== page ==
MILWAUKEE -- A misdemeanor disorderly conduct charge has been filed against Bhupinder Sidhu, a former clerk at the BP gas station located near Sherman Park -- accused in a shots fired incident that happened at the gas station Tuesday night, July 19th.
The charge filed against Sidhu is disorderly conduct, use of a dangerous weapon.
The criminal complaint indicates officers were dispatched to the gas station for a shots fired call on Tuesday night.
Police learned shots had been fired by a gas station employee.
According to the complaint, Sidhu told investigators shortly after Sherman Park closed at 10:00 p.m. on Tuesday night, a large group of juveniles came to the store.
An employee attempted to close the entrance to the store -- but couldn't because someone was holding the door open.
Sidhu claimed he feared for his safety and his employee's safety -- so he took his loaded Smith & Wesson M&P .40 caliber shield handgun from behind the counter and exited the store.
He said he then pointed the handgun in the air, and fired two rounds "in order to try to get people to leave the store."
Investigators reviewed surveillance video, which shows Sidhu exiting the store while holding what appears to be a handgun. Sidhu can then be seen raising the gun in the air -- and the crowd can be seen scattering.
Sidhu and two others are then seen following the crowd until everyone left the area near the gas station.
Sidhu is set to make his initial appearance in court in this case on July 27th.
The incident has led to protests and a call to boycott the gas station.
The protest continued Thursday, July 21st. A group of people camped out at the gas station, located at Sherman and Burleigh told potential customers to spend their money elsewhere.
"There's no reason for a kid to be getting shot at," a protester said.
"I'm not saying their behavior was acceptable, but shooting at them is never acceptable," a protester said.
Protesters say a group of 40-50 young people were gathered in the gas station's parking lot on Tuesday night when gas station employees tried to close the doors.
"I just heard two gunshots. I thought somebody got killed," a protester said.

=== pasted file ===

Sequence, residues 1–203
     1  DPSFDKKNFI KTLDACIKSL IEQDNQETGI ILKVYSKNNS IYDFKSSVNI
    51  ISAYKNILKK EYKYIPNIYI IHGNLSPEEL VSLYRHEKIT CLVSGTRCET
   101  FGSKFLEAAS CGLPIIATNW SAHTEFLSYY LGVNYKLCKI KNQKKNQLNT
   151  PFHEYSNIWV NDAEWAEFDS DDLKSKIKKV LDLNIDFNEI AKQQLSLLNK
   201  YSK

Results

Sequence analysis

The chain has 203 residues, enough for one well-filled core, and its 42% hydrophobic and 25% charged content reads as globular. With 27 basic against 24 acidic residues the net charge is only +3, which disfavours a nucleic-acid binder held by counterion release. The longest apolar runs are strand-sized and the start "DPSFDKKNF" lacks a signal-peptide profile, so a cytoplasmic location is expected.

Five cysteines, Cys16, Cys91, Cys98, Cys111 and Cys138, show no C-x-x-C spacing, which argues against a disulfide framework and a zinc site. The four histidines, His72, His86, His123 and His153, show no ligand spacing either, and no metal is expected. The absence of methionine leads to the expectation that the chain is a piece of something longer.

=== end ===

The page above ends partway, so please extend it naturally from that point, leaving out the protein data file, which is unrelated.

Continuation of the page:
"You just came out and shot your gun off over the heads of kids," said Frank Nitty, who organized the protest.
Nitty was there on Tuesday night, and said he confronted the gas station employee who fired the shots. He has been doing live reports on Facebook -- promoting the boycott.
"I keep hearing these are bad kids. If they're bad then come to where these bad kids are and help them," said Nitty.
On Thursday, amid the protest, the gas station's owner lowered the price of gas to $1.99 per gallon in an effort to bring customers to his store.
The move drew a line of cars to the gas station -- but those looking to fill their tanks with cheap gas had to deal with taunts from protesters.
"If somebody believes that property is worth more than life, that`s not somebody you should spend your money with. That tells me you care about my dollar and not my life," Vaun Mayes Bey said.
Rochelle Wallace was one of those who stopped at the gas station to fill up her tank. She said she wasn't intimidated by the protesters.
"I mean, I understand the point, but let`s make sense. At what point do you take responsibility for your kids and at what point do you say -- stop tearing up the gas station. Be respectful to the gas attendant. We need to shop here. This is your community," Wallace said.
A few weeks ago, on June 29th, windows were broken at the nearby BP gas station, which had to close due to safety concerns after a group of teens caused a disturbance at the nearby Sherman Park.